Who killed Trayvon Martin? What “Stand Your Ground” and the foreclosure crisis have in common

By Brett Srader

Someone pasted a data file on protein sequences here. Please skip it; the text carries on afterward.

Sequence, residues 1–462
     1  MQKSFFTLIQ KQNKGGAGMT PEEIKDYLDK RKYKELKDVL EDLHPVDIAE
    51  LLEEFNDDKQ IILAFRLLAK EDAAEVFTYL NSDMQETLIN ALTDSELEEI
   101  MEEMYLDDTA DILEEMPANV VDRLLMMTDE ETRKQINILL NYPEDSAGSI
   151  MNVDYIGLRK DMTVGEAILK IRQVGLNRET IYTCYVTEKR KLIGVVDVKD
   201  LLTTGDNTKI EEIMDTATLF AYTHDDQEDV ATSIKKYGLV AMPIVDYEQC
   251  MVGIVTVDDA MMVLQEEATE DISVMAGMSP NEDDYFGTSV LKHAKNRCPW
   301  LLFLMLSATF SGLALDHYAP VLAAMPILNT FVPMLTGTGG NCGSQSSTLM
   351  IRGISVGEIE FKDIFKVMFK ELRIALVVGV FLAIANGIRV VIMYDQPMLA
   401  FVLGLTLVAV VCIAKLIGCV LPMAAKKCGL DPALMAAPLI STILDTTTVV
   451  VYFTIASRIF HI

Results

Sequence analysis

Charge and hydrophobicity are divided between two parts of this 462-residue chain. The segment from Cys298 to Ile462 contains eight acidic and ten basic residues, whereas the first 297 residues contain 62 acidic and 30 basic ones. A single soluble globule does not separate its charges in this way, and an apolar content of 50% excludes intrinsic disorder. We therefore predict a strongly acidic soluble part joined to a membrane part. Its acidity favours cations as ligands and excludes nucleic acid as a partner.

Trayvon Martin, an African-American teenager, is gunned down in central Florida and his murderer walks free. Monique White, an African-American mother of two in North Minneapolis, loses her state job working with troubled teens because of drastic budget cuts and subsequently misses her mortgage payment. Trayvon was a black boy in a predominantly white gated community carrying only a bag of Skittles and an Arizona iced tea. Monique lives in a predominantly African-American community where 50 percent of properties have been foreclosed on or are currently in the foreclosure process. Her home is now worth a fraction of the price she paid for it, and she faces an imminent sheriff’s sale of her family home. You might be asking, “How are these stories connected?” The answer has become clearer over the past month that the same people foreclosing on Monique’s home and slashing state and federal budgets are creating laws that are protecting Trayvon’s murderer. My journey to this realization started with a simple question: “Who killed Trayvon Martin?” The obvious answer was George Zimmerman, a self-appointed neighborhood watchman carrying a loaded firearm. However, this answer has not satisfied the millions of Americans who were mobilized to demand justice for Trayvon. They wanted to know how Zimmerman’s actions could be “legal,” who wrote and voted for these laws and what their role has been in the centuries-old war against people of color and working class folks in this country. These inquisitive Americans soon found that they were fighting systemic and legally codified racism and a corporate highjacking of our democracy/legal system. George Zimmerman was not initially taken into custody by Sanford County police officers because it was believed that he had been threatened by Trayvon and responded accordingly to this aggression. This argument for lethal force was codified under Florida’s so-called “Stand Your Ground Law,” which allows an individual to use “deadly force if he or she reasonably believes it necessary to do so to prevent death or great bodily harm to himself or herself or another or to prevent the commission of a forcible felony (Salon.com).” At least half the states in the country now have some form of “Stand Your Ground” law in place, and Governor Mark Dayton (DFL) only recently vetoed a similar bill in Minnesota. ALEC, the American Legislative Exchange Council, initially backed this law in the Florida Legislature and has since used the Florida law as a model in an effort to encourage other states to adopt similar legislation (NPR). ALEC is comprised of and funded by a conglomeration of corporations in a variety of industries including corrections, oil, manufacturing, banking, finance, transportation and pharmaceuticals. Our legislators can also become dues-paying members, gaining access to the exclusive retreats where “model” legislation is developed and voted on. Through my involvement in Occupy MN last year and more recent work with Occupy Homes, I had become increasingly familiar with ALEC and their influence. I knew they were behind the spread of voter ID laws, Arizona’s SB1070 anti-immigration bill and Gov. Scott Walker’s assault on collective bargaining. However, I was not sure what relationship the major banking institutions behind the foreclosure crisis had with ALEC. I soon found that all the major banks, including Wells Fargo, a MN-based bank that has foreclosed on tens of thousands of homes since the 2008 financial crisis, are deeply implicated in the work of ALEC. While not a member of ALEC, Wells Fargo is heavily invested ($120 million) in two private prison corporations who are members: Geo Group and the Corrections Corporation of America (Salon.com). Looking further, I found that Wells Fargo had foreclosed on more homes in the Twins Cities than any other bank since 2008 and has cost the MPLS public schools over $28 million in lost revenue as a result of their practices (Neighborhoods Organizing for Change). The depth of these connections did not surprise me, but the implications for both the “Justice for Trayvon Movement” and Occupy Homes efforts were pretty staggering. We are confronting a system whose tentacles of influence spread wide and deep. These corporate backers and politicians have no intention of handing our democracy back to us without a fight. They have literally bet their fortunes and futures on this system of exploitation, but they have underestimated how much we have to lose if nothing changes. Trayvon’s life was not the first loss in this struggle and Monique’s home may not be the last, but it is time to get informed, get active and begin to make connections between formerly divided struggles. Whether or not you agree with the Occupy movement or believe that Zimmerman acted appropriately, I hope that you can agree with the following statements: Trayvon’s life was precious and taken too soon. Monique and her community both suffer if her home is boarded up and her family is left homeless. Trayvon and Monique’s cases are not isolated experiences, and they are best understood as part of a systemic pattern of injustice in this country. refresh –>